Sherrod stayed, organising in the rural counties, although he did take a “Movement sabbatical” in 1964, heading to Union Theological Seminary in New York. He earned a Master’s of Divinity and then returned to southwest Georgia, bringing White seminarians with him as part of an exchange programme called the Student Interracial Ministry. For Sherrod, this was a continuation of his civil rights work. He insisted, always, that the end was not simply political but moral: a society where Black and White Americans, all created in the image of God, could live and work together in unity and peace.

In 1966, this philosophy led to a breach with SNCC, which was moving away from interracialism and Christian non-violence and towards a more militant stance of Black Power. As Sherrod put it: “I didn't leave SNCC, SNCC left me.” But he stayed with the work of racial justice — voter registration and community organising — under the auspices of the Southwest Georgia Freedom Project.

In the late 1960s, Sherrod, along with his wife, Shirley Miller Sherrod, a Baker County native whom he married in 1966, helped to found New Communities, a farming collective that was, at one point, the largest Black-owned plot of land in the United States. For decades, New Communities was the fulfilment of a dream for the Sherrods, a place where they could work the land and care for others.

But in the 1980s, when a devastating drought afflicted southwest Georgia, they were repeatedly denied relief and the farm was foreclosed on. In asking for a loan, Sherrod heard from White loan officials the same message he had heard from segregationists decades earlier when trying to vote: “Over my dead body.”

Although devastated by the loss of New Communities, the Sherrods kept working faithfully in southwest Georgia. Charles Sherrod had been elected to the Albany City Council in 1976, a post he held until 1990, and also served as a prison chaplain, while Shirley worked for the Federation of Southern Co-operatives before being named the US Department of Agriculture Georgia Director of Rural Development in 2009. Shirley was fired after conservative blogger Andrew Breitbart posted selectively edited, misleading video clips from a speech she gave. The White House and Agriculture Secretary Tom Vilsack apologised to Sherrod two days after her firing.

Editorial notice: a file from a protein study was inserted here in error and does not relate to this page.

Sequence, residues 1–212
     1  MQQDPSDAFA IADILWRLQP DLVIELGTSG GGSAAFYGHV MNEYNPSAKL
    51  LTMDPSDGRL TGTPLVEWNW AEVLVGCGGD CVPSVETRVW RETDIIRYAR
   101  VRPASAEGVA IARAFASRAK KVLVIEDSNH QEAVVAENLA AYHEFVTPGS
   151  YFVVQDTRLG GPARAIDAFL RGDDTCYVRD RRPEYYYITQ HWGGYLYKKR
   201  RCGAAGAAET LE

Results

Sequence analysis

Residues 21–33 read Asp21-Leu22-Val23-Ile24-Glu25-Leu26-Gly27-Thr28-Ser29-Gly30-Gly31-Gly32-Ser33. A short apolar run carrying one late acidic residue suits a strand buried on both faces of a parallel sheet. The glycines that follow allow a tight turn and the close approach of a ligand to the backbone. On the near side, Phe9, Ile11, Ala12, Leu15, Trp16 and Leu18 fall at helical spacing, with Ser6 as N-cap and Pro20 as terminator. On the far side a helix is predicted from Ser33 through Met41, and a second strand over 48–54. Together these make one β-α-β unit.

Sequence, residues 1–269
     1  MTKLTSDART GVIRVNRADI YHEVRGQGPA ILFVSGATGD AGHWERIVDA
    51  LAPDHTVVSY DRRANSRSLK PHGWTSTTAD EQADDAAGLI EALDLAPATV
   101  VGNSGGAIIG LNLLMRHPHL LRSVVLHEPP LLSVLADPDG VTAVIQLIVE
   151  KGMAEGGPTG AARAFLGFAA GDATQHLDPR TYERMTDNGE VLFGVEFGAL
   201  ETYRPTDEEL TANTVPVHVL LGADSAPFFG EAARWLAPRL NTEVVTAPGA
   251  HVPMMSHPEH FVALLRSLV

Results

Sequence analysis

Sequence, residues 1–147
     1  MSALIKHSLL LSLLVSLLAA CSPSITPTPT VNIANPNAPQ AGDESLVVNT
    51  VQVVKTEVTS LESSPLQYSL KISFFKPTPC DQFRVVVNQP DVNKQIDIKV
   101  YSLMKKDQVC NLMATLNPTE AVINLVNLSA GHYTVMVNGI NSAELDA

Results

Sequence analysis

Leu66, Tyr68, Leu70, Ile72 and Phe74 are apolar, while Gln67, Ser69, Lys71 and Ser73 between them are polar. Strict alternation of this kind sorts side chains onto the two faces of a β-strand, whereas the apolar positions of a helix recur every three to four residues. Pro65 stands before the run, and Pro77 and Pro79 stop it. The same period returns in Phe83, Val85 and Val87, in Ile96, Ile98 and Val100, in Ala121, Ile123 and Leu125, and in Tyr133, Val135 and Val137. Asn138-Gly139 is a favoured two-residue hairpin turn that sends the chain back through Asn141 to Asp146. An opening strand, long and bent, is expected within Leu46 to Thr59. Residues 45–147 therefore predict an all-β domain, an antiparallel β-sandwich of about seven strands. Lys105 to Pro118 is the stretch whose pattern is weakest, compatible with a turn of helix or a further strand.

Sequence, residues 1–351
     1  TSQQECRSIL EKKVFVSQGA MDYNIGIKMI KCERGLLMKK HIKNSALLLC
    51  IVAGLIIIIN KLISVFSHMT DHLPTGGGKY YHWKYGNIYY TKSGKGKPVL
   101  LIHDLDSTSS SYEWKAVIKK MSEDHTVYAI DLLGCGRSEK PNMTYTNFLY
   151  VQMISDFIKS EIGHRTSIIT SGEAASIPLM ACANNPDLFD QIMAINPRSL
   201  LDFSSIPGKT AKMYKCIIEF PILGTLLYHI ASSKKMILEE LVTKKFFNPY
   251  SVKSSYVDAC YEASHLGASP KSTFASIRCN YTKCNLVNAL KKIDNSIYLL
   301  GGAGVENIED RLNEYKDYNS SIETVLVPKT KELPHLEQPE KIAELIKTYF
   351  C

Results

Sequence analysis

After seeing her name dragged through the mud, Shirley got better news. She heard about a class-action lawsuit, Pigford v Glickman II, alleging systemic racial discrimination towards Black farmers by the USDA. The Sherrods filed a claim and were awarded a settlement for the wrongful dispossession of New Communities. They used the money to purchase a new farm. It was a bittersweet moment.

And one that reveals how long the Black freedom struggle has been. Charles Sherrod embodied this enduring struggle over the long haul, in all of its breadth and character. From marching in the Albany Movement, being beaten and jailed in Americus, Georgia, registering rural folks to vote, founding New Communities, to serving in local politics, Sherrod stayed with the cause of freedom and beloved community until his death.

His story reminds us that the work of racial justice is continuing, that it occurs in rural spaces as well as urban ones, and that it can look like political organising, preaching, farming or just the ordinary miracle of Black love in America.

Ansley L. Quiros is an assistant professor of history at the University of North Alabama and the author of God With Us: Lived Theology and the Freedom Struggle in Americus, Georgia, 1942-1976

• Ansley L. Quiros is an assistant professor of history at the University of North Alabama and the author of God With Us: Lived Theology and the Freedom Struggle in Americus, Georgia, 1942-1976

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Published October 14, 2022 at 8:00 am (Updated October 13, 2022 at 5:10 pm)

A vital civil rights activist you never heard of